Maryanna Hardy (Illustrator for I’m Not Scared of You or Anything)
Maryanna Hardy has worked as an artist, illustrator and screen printer and has published her work in publications nationally and internationally. She has designed countless gig posters and chapbooks of her drawings, built and ran a screen–printing shop in Montreal, and has painted public murals in Montreal and Toronto. She has most recently exhibited her work through Gallery Pangee and Gallery Youn in Montreal. In 2009 and 2010 she collaborated with the YPF Collective on their large-scale installation at the Osheaga International Music Festival in Montreal. In November 2010, she published a book of her drawings with Conundrum Press called So I’ve Been Told. The book was short-listed for Montreal Expozine’s 2010 Best Canadian Book and was also short-listed for a Doug Wright award for Best Avant-Garde Comic Book. She lives in Montreal.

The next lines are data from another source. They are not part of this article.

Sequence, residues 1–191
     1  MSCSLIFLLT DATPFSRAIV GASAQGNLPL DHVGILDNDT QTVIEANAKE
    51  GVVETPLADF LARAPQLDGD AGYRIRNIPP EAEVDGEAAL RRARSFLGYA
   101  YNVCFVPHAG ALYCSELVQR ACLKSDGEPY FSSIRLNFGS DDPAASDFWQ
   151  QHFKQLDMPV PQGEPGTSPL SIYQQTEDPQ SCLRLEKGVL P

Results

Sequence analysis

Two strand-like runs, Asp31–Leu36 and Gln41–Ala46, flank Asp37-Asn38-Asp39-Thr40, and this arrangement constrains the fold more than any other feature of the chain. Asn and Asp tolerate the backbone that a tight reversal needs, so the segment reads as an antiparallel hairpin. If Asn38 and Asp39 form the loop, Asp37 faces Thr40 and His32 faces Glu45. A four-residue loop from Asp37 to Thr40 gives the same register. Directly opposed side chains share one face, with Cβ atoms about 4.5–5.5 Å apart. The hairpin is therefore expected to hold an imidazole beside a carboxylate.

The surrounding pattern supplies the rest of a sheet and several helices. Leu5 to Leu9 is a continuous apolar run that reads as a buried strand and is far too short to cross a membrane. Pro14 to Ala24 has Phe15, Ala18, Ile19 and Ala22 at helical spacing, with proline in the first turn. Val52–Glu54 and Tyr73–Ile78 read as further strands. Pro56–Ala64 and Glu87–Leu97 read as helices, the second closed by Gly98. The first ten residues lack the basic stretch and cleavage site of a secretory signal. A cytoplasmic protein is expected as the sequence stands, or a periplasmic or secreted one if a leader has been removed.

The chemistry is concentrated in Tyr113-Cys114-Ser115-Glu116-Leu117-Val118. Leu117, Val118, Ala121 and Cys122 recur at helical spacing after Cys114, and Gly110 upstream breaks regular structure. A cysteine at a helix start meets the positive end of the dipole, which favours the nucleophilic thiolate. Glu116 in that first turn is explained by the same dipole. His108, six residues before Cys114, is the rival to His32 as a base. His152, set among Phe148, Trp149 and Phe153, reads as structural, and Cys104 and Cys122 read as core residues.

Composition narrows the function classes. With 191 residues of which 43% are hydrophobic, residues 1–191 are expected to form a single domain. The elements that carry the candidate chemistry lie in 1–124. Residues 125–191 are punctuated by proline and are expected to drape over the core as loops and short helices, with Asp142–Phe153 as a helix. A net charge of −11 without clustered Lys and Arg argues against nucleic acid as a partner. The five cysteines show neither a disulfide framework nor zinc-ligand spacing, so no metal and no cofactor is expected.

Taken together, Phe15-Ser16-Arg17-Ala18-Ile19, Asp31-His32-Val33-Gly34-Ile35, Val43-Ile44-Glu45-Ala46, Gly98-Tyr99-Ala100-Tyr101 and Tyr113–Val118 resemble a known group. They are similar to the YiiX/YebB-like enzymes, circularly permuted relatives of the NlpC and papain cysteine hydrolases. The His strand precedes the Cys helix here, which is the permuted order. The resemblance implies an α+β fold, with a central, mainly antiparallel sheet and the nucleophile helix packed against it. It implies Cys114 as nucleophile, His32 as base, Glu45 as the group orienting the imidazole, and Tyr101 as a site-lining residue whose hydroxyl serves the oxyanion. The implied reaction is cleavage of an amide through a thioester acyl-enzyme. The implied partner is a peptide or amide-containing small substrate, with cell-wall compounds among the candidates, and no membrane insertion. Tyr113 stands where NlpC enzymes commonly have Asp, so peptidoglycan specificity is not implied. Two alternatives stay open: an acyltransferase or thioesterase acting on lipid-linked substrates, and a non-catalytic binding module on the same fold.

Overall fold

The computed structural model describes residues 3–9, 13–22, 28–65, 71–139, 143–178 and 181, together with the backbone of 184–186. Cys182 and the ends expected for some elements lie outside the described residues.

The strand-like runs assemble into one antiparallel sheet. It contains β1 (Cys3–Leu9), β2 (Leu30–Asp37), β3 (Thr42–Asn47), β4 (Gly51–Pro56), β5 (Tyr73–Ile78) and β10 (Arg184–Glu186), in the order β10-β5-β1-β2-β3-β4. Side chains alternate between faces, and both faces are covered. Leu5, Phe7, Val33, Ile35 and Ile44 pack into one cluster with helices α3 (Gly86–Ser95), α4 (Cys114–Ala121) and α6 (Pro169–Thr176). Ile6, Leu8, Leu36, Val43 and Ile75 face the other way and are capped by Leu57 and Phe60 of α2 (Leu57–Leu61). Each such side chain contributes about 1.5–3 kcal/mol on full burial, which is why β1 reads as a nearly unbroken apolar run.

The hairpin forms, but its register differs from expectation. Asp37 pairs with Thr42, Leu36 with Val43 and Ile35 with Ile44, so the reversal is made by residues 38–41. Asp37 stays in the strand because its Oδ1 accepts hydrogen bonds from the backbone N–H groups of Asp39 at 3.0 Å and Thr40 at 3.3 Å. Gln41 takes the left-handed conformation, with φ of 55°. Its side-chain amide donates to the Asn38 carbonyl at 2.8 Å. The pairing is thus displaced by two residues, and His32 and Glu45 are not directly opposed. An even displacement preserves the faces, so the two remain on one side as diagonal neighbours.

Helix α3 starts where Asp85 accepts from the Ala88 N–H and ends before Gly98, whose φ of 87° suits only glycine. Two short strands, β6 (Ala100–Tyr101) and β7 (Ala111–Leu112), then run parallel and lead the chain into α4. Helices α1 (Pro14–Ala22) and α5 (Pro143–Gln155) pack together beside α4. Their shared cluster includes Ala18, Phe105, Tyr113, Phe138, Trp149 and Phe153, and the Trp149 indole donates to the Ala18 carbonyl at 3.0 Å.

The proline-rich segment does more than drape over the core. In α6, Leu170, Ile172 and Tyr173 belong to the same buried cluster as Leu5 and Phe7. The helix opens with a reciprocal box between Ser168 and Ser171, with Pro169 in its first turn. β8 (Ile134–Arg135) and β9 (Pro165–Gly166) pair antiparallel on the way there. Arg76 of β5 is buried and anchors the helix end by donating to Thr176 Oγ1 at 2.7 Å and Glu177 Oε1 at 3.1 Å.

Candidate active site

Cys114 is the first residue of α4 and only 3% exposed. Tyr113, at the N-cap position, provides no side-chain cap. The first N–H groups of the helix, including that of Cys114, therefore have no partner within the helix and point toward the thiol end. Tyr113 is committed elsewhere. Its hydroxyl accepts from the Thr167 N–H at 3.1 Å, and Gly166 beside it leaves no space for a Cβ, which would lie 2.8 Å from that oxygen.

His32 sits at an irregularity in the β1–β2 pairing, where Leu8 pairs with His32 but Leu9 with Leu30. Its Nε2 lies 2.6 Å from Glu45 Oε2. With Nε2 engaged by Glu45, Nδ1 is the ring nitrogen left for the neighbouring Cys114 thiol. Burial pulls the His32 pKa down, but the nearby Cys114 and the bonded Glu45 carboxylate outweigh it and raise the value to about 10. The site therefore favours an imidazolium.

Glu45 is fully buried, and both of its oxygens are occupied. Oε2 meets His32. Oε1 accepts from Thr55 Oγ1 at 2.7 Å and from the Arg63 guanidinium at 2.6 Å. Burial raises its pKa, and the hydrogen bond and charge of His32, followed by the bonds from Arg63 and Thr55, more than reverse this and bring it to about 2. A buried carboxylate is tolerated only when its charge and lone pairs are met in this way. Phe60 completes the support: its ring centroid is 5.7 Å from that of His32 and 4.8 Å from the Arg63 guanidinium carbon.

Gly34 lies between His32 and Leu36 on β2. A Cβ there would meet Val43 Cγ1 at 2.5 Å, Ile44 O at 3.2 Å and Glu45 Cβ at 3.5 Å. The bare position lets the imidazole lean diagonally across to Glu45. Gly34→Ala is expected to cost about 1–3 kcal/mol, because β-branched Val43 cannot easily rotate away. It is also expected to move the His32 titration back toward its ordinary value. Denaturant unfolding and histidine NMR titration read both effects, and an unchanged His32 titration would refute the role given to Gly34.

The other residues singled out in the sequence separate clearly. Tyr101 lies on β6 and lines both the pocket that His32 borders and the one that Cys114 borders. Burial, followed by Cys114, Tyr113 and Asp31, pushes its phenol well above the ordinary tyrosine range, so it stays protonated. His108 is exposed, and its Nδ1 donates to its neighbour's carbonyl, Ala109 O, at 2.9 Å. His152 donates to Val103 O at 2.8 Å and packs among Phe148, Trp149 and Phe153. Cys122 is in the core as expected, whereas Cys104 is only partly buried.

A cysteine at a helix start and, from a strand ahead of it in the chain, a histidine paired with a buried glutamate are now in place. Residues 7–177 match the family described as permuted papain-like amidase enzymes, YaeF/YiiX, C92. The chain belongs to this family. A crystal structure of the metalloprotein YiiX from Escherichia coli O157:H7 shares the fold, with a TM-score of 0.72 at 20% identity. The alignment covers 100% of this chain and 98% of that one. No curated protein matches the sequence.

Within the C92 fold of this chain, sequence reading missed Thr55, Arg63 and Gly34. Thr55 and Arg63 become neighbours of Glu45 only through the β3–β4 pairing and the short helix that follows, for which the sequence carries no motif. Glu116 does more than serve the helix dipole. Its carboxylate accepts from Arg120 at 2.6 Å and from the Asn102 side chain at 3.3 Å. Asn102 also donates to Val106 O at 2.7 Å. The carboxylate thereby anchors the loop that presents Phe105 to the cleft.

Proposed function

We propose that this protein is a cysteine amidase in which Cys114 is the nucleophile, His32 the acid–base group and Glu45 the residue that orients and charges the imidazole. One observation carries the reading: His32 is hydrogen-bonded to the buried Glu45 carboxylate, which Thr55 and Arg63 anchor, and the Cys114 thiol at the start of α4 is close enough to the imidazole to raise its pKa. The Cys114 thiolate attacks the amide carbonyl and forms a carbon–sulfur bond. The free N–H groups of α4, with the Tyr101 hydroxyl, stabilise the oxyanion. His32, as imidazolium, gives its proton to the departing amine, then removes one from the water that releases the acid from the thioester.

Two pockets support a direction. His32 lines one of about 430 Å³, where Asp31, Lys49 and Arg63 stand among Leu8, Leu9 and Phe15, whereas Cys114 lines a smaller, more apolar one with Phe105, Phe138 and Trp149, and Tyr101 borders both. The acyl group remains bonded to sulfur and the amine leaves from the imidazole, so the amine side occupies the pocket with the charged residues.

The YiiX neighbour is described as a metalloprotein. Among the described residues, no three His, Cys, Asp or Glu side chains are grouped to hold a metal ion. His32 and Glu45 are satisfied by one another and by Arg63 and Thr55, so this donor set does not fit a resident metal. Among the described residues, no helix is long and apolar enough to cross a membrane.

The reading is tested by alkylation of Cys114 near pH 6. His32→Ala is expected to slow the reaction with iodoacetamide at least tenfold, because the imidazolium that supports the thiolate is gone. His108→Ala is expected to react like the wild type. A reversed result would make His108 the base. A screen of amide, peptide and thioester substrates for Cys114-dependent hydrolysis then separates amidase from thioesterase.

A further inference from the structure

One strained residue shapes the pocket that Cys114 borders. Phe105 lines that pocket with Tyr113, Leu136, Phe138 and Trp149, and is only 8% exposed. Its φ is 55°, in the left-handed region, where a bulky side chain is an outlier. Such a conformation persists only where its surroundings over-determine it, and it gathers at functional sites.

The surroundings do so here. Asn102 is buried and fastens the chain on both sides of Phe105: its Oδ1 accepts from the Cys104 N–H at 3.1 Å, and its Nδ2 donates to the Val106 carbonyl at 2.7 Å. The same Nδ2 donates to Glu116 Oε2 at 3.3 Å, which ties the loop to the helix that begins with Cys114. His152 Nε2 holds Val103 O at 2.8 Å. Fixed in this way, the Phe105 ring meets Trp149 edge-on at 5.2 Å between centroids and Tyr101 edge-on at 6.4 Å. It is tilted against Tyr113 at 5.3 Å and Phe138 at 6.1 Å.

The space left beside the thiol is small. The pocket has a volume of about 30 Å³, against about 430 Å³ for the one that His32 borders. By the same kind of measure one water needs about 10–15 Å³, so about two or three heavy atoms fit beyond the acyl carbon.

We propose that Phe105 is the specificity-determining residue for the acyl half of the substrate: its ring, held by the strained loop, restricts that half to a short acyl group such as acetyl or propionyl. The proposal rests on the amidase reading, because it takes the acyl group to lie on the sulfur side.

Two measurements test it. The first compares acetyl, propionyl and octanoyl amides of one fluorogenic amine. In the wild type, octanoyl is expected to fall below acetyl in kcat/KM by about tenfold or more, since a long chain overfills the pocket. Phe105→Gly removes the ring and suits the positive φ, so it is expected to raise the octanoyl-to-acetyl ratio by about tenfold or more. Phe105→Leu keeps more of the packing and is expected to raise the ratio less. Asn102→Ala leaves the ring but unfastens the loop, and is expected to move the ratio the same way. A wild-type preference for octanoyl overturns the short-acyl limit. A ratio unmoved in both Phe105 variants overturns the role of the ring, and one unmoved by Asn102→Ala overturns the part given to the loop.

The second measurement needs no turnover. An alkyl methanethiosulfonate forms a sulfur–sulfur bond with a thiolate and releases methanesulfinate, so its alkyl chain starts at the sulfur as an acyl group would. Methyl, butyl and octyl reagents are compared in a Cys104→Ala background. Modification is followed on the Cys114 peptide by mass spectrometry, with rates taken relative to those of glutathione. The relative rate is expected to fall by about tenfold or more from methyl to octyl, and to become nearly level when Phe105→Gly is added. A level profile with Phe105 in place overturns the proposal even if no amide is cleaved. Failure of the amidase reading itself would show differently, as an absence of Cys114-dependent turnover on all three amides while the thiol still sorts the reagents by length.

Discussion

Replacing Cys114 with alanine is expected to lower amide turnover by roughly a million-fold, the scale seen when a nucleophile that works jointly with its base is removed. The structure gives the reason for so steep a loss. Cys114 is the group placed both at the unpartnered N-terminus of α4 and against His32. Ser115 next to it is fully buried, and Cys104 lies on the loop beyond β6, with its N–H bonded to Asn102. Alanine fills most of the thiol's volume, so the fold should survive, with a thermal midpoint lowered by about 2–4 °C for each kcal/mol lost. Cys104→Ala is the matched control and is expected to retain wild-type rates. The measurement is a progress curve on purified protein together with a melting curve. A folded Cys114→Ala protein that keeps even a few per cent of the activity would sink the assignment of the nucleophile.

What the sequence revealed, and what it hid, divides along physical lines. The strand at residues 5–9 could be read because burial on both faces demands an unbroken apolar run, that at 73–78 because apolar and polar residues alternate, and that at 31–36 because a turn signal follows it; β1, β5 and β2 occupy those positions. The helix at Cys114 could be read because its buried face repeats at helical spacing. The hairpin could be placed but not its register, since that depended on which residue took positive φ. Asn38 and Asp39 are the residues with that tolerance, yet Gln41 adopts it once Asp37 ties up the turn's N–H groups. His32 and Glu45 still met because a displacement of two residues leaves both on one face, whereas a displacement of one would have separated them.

Writer and interdisciplinary artist, Karoline Georges explores the processes of sublimation. She is interested in virtual events, possible fates, the utilization of consciousness through the technological maze and the accumulation of knowledge. Her latest novel, Variations endogènes, was published in 2014 by Editions Alto.